The Housing Supply: Where Recovery Really Starts

Jerry Howard, chief executive of the National Association of Home Builders, told CNNMoney.com last week that overbuilding was a key reason for the current housing decline–and he’s not kidding.

At the end of October, there were 191,000 finished homes hanging out on the market, 14 percent more than last year, according to government data.

The number swells to 500,000 if you include new homes about to be built. That gives us a housing supply of more than eight months–and a declining home price.

As the housing supply grew, demand shrunk, and new home median price fell a record 13 percent in October.

And what about the plan announced two weeks ago to rescue Americans in mortgage trouble? It’s been touted for keeping a large crop of homes from being foreclosed upon and added to the housing inventory–but many say it won’t be enough to spur sales of homes that are already just sitting there.

"At best, [the plan] may stop some of the hemorrhaging of the housing market, but it doesn’t necessarily turn things around,” Nicolas Retsinas, director of Harvard University’s Joint Center for Housing Studies in Cambridge, Mass. told Bloomberg. "The fundamental problem with housing is oversupply.”

Because of the excessive supply, CNNMoney.com reports that many of the big publicly traded builders–like Lennar, which announced at the end of last month it would sell 11,000 properties to Morgan Stanley for 40 percent of the value–have seen their homes’ value decline.

However, while Howard says price drops may continue, he doesn’t expect homes to sell for 50 or 60 percent of their asking price.

That’s good news for the industry. But how can we reduce the housing supply without slashing prices–which would further drag down already weak U.S. home values?

  • Developers Can Lower Cost Without Lowering Price. According to Jon Boyd, president of the National Association of Exclusive Buyer Agents, developers want the recorded price of each home they sell to remain as high as they can get it because they have more just like it on the market to sell. They are, of course, thinking about the big picture–they have to.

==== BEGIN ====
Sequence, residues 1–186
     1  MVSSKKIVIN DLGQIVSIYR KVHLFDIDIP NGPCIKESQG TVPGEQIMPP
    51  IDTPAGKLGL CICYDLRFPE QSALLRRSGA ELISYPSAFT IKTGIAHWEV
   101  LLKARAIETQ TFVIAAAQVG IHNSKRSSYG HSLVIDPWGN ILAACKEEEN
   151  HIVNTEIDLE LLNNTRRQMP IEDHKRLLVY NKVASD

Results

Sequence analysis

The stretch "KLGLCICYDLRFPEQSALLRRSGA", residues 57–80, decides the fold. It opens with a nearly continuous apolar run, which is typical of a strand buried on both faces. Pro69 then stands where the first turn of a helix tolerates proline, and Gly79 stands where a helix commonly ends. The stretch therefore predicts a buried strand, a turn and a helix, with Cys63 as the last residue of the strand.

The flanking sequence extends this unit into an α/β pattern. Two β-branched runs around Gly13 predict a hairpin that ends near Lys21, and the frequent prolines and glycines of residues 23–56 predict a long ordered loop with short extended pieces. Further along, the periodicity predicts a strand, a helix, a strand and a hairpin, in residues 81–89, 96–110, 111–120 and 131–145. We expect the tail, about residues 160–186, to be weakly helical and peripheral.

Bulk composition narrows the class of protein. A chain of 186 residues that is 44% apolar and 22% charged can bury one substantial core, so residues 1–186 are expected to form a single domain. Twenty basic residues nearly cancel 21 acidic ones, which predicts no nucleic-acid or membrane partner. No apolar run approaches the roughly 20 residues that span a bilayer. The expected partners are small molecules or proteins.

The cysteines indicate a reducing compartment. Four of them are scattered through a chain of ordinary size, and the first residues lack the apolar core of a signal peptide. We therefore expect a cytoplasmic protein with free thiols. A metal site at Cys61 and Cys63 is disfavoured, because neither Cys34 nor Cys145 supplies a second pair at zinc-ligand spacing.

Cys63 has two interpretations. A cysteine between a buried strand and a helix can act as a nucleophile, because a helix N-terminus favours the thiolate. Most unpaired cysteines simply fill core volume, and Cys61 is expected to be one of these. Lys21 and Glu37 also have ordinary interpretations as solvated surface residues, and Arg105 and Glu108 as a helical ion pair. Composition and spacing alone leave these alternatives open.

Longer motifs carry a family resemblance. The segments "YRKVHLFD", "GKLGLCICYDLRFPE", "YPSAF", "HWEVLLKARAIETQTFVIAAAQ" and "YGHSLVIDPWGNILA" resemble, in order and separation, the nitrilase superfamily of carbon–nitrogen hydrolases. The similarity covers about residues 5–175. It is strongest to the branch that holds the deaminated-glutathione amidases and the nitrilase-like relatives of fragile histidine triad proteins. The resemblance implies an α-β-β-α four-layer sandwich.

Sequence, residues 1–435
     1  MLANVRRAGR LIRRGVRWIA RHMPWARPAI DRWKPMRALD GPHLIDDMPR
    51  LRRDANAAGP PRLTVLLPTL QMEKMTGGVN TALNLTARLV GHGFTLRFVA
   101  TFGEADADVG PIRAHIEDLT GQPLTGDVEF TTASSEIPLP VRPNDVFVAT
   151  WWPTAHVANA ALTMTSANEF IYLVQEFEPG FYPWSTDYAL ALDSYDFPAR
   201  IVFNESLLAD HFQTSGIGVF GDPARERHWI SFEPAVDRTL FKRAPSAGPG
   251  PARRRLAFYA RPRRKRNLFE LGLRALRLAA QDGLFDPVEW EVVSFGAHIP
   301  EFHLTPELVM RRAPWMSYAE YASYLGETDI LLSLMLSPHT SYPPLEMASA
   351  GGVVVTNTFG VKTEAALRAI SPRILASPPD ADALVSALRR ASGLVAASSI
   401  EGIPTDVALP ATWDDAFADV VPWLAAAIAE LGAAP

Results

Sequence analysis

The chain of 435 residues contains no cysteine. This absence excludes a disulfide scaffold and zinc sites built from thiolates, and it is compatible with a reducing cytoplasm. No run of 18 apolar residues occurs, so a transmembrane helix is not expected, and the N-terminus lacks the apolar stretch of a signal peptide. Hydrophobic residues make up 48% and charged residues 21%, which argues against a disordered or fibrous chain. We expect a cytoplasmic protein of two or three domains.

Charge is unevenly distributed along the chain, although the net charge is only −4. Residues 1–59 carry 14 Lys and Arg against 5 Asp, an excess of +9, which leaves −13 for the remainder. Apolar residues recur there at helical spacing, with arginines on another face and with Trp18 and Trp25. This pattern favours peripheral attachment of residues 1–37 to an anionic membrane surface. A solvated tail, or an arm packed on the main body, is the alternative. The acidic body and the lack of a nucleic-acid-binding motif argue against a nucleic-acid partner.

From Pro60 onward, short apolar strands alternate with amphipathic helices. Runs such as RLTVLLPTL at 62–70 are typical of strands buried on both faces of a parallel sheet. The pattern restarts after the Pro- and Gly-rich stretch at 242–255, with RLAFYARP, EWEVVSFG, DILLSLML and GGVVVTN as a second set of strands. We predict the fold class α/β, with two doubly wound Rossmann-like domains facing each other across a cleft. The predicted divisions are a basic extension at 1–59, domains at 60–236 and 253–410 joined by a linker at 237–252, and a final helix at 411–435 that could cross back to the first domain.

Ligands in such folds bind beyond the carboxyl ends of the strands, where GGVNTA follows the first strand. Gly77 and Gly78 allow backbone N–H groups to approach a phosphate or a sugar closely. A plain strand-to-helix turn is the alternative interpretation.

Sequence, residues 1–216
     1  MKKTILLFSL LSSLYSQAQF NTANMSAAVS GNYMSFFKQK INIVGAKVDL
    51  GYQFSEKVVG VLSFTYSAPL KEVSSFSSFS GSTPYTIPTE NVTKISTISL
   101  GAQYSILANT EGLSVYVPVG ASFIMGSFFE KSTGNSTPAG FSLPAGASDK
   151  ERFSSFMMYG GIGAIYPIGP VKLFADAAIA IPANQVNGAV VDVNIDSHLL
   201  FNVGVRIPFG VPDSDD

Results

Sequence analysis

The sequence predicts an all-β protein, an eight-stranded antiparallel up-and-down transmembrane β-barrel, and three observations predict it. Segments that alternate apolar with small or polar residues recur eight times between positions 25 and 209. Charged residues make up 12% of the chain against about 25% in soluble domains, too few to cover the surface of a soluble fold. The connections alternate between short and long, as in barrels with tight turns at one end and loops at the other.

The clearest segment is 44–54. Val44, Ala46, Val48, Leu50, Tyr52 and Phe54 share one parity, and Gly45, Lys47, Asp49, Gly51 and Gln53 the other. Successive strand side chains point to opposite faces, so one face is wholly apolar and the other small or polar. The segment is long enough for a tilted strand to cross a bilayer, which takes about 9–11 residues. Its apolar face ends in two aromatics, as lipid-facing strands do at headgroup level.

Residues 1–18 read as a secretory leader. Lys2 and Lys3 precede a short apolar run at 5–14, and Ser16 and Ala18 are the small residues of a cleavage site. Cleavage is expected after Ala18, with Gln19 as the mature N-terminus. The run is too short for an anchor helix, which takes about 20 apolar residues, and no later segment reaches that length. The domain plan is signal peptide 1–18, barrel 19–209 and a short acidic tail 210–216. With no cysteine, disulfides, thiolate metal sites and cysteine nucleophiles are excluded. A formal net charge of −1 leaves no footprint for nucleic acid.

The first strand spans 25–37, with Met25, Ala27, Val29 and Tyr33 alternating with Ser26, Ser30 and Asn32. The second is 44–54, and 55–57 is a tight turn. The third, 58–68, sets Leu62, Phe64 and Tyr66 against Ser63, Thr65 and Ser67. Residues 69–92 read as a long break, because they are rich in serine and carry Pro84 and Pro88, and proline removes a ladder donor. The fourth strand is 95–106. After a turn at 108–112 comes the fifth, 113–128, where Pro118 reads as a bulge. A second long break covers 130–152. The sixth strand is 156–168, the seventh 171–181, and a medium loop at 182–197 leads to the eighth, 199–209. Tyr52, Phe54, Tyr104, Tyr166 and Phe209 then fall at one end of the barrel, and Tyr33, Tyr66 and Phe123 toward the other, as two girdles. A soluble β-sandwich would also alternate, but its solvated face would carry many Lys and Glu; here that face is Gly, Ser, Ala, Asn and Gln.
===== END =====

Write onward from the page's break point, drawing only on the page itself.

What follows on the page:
CNNMoney.com suggests buyers can gain from that need by asking for money for closing costs and other home buying expenses like condo association fees and even mortgage payments.

The cost of buying a home will seem lower to them–but the home’s selling price won’t seem lower to the company that built it. Developers can structure deals to include those added-value extras, which might woo some of the hesitant buyers who are waiting for the big deals they think are coming in the months ahead.

Developers concerned about potentially outlandish requests, take note: If you’re trying to move inventory without cursing what’s left, make sure buyers know that Fannie Mae and Freddie Mac have set limits about how many incentives can be included in deals. Getting greedy can reduce the amount they can borrow–and ultimately, could block them from buying at all.

  • Agents Can Work on Selling Pre-Existing Homes. It may take time for new home sales to pick up. But last week, the National Association of Realtors’ announced that its Pending Home Sale Index had risen slightly in October.

Could it be an overly optimistic take–or a sign that things may finally be turning around? NAR thinks so.

"Now that mortgage conditions have improved, some postponed activity should turn up in existing-home sales over the next couple of months, and I expect sales at fairly stable to slightly higher levels," NAR Chief Economist Lawrence Yun said.

Looking to capitalize on the new-home feel when selling existing homes? Add new siding or a deck to the outside of the house. The 2007 Remodeling Cost vs. Value Report, produced by Hanley Wood, LLC in cooperation with REALTOR Magazine, found exterior upgrades were the highest national percentage of costs recouped this year.

Whatever we do to reduce the housing supply, it’s important to remember not to get overexcited and overbuild when the market picks up again.

In the Netherlands, the Central Planning Bureau (CPB) has studied the prices of the Dutch housing supply for 35 years. Its findings are telling–there, a 10 percent home price increase in a year only increases new home building by 0.4 percent.

In the U.S., a 10 percent price jump causes new home construction to rise 40 percent–100 times more than in the Netherlands, according to Netherlands Info Services.

Just ask Karen Ward, chief UK economist at HSBC, who has studied housing.

‘In my research I didn’t find a genuine balance between supply and demand in the property market," Ward told the Observer "A lot of the demand has been speculative, driven by people expecting big capital gains on their properties. As people realize the rapid gains they were expecting aren’t going to materialize, a lot of that demand will drop off."

Sounds familiar. Let’s just hope that next time, we can control the supply of U.S.homes before it drops.